Netlist was incorporated in June 2000 and is headquartered in Irvine, California. The Company has established a manufacturing facility in the People’s Republic of China (“PRC”), which became operational in July 2007. The Company operates in one reportable segment, which is the design and manufacture of high-performance memory subsystems for the server, high-performance computing and communications markets.    

 

Liquidity

 

The Company incurred net losses of $3.5 million and $7.6 million for the three and six months ended June 29, 2019, and $17.1 million and $13.4 million for the fiscal years ended December 29, 2018 and December 30, 2017, respectively. The Company has historically financed its operations primarily with revenues generated from operations, including product sales and proceeds from issuances of equity and debt securities including convertible debt (see Note 5). The Company has also funded its operations with a revolving line of credit under a bank credit facility, and a funding arrangement for costs associated with certain of its legal proceedings (see Notes 4, 5 and 7).

 

On June 24, 2019, the Company entered into a purchase agreement (the “Purchase Agreement”) with Lincoln Park Capital Fund, LLC (“Lincoln Park”), pursuant to which the Company has the right to sell to Lincoln Park up to an aggregate of $10 million in shares of its common stock over the 36-month term of the Purchase Agreement subject to the conditions and limitations set forth in the Purchase Agreement (see Note 8).

 

Inadequate working capital would have a material adverse effect on the Company’s business and operations and could cause the Company to fail to execute its business plan, fail to take advantage of future opportunities or fail to respond to competitive pressures or customer requirements. A lack of sufficient funding may also require the Company to significantly modify its business model and/or reduce or cease its operations, which could include implementing cost-cutting measures or delaying, scaling back or eliminating some or all of its ongoing and planned investments in corporate infrastructure, research and development projects, business development initiatives and sales and marketing activities, among other activities. While the Company’s estimates of its operating revenues and expenses and working capital requirements could be incorrect and the Company may use its cash resources faster than it anticipates, management believes the Company’s existing cash balance together with cash receipts from revenues, borrowing availability under a bank credit facility (see Note 4), funds available to be raised from the Lincoln Park arrangement (see Note 8) and funds raised through the debt and equity offerings, will be sufficient to meet the Company’s anticipated cash needs for at least the next 12 months.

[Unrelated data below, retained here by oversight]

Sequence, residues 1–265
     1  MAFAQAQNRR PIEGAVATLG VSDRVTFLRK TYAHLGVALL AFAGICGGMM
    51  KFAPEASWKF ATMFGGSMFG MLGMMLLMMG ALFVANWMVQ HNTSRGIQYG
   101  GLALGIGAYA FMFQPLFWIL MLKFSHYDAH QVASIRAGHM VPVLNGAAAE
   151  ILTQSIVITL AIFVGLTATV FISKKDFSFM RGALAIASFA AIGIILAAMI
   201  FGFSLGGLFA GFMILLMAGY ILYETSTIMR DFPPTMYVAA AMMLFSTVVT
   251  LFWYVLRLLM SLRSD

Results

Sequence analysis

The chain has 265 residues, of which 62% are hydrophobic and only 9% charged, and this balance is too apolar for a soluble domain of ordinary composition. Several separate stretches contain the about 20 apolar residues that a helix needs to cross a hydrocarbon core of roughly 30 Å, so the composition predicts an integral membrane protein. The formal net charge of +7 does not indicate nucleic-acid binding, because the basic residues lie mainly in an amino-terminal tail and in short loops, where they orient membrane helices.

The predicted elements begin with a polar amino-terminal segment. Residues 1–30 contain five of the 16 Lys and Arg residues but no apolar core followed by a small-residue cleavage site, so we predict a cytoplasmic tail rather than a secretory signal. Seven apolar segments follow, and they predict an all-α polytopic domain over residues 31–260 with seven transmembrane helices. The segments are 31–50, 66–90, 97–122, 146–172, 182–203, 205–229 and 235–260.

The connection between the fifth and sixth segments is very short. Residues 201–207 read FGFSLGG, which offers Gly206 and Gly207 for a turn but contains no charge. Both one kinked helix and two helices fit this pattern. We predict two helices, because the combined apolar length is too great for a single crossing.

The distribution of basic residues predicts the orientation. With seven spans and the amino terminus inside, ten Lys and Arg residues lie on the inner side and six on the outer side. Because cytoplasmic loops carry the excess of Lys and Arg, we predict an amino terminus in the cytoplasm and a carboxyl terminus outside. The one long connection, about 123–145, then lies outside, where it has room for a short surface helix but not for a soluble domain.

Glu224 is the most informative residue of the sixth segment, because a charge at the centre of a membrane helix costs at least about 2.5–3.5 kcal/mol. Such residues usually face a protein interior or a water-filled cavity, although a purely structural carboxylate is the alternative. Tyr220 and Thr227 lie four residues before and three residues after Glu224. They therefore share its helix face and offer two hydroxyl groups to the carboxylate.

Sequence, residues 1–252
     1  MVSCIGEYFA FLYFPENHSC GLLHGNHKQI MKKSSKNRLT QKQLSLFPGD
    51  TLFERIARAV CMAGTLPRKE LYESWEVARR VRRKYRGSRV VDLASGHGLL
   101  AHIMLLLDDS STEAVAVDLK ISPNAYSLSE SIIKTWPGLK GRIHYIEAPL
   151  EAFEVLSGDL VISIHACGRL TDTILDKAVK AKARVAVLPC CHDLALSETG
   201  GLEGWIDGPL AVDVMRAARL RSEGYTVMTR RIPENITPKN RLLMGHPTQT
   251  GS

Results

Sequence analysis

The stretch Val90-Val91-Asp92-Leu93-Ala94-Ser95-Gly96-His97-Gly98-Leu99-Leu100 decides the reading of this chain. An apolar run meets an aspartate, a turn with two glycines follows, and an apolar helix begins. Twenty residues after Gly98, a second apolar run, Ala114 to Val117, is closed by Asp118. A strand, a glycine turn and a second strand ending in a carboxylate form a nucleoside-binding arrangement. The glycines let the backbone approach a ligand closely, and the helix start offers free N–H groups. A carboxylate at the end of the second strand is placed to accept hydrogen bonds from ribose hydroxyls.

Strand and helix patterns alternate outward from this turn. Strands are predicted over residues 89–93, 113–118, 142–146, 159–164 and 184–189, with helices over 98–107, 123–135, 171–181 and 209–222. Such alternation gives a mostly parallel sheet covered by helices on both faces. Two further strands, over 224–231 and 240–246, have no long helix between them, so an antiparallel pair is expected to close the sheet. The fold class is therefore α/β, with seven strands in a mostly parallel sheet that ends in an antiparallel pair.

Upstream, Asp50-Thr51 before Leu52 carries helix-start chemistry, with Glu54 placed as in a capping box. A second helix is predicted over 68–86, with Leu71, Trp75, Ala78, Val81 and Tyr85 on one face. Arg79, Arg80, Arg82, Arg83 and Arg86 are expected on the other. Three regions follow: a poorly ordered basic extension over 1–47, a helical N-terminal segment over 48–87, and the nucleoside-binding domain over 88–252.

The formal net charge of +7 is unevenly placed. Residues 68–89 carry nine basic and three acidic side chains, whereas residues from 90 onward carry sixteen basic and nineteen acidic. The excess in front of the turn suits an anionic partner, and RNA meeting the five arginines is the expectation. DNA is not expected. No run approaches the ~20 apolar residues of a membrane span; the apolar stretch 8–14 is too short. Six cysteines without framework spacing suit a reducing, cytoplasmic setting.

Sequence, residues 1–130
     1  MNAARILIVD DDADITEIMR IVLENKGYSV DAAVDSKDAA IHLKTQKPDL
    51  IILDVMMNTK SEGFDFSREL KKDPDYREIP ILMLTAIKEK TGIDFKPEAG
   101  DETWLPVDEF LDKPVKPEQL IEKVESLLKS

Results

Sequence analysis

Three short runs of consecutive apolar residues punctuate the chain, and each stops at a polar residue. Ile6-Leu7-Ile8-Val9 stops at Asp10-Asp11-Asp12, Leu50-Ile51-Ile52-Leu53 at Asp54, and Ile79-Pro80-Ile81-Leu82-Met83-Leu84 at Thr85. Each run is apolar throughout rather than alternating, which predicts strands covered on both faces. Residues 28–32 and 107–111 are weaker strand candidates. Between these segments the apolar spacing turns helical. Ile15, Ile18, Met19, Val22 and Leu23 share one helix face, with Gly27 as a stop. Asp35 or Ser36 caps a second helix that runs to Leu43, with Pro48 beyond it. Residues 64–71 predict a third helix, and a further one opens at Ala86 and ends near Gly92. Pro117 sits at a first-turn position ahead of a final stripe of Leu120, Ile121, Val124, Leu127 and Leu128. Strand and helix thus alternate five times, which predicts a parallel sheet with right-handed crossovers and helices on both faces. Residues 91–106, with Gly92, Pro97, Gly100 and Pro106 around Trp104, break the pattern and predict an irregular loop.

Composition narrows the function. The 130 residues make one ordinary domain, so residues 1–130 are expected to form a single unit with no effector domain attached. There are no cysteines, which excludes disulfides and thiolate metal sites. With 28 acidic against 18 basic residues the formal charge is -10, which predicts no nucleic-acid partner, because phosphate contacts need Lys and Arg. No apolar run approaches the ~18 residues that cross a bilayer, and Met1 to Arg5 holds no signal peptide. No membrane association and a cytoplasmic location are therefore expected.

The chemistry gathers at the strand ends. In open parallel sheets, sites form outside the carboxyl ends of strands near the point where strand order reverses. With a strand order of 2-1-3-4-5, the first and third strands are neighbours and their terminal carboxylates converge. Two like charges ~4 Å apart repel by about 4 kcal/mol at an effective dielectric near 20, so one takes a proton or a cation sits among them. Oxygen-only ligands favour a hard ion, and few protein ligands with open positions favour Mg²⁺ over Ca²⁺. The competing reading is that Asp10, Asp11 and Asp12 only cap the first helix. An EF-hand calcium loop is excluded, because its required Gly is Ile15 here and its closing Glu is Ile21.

v3.19.2
Summary of Significant Accounting Policies
6 Months Ended
Jun. 29, 2019
Summary of Significant Accounting Policies  
Summary of Significant Accounting Policies

Note 2—Summary of Significant Accounting Policies

 

Basis of Presentation

 

The accompanying condensed consolidated financial statements have been prepared in accordance with accounting principles generally accepted in the United States of America (“U.S. GAAP”). Certain information and footnote disclosures normally included in the consolidated financial statements prepared in accordance with U.S. GAAP have been condensed or omitted pursuant to the rules and regulations of the Securities and Exchange Commission (“SEC”). These condensed consolidated financial statements should be read in conjunction with the audited consolidated financial statements and notes thereto as of and for the year ended December 29, 2018, included in the Company’s Annual Report on Form 10-K filed with the SEC on March 22, 2019.

 

The accompanying condensed consolidated financial statements as of and for the three and six months ended June 29, 2019 are unaudited. In the opinion of management, all adjustments for the fair presentation of the Company’s condensed consolidated financial statements have been made. The adjustments are of a normal recurring nature except as otherwise noted. The results of operations for the interim periods are not necessarily indicative of the results to be expected for other periods or the full fiscal year. The Company has evaluated events occurring subsequent to June 29, 2019, through the filing date of this Quarterly Report on Form 10-Q and concluded that there were no events that required recognition and disclosures, other than those discussed elsewhere in the notes hereto.

 

Principles of Consolidation

 

The accompanying condensed consolidated financial statements include the accounts of Netlist, Inc. and its wholly-owned subsidiaries. All intercompany balances and transactions have been eliminated in consolidation.

 

Fiscal Year

 

The Company operates under a 52 or 53 week fiscal year ending on the Saturday closest to December 31. For 2019, the Company’s fiscal year is scheduled to end on December 28, 2019 and will consist of 52 weeks, and each of the Company’s quarters within such fiscal year will be comprised of 13 weeks.

 

Use of Estimates

 

The preparation of the accompanying condensed consolidated financial statements in conformity with U.S. GAAP requires management to make estimates and assumptions that affect the amounts reported. Actual results may differ materially from those estimates.

 

Revenue Recognition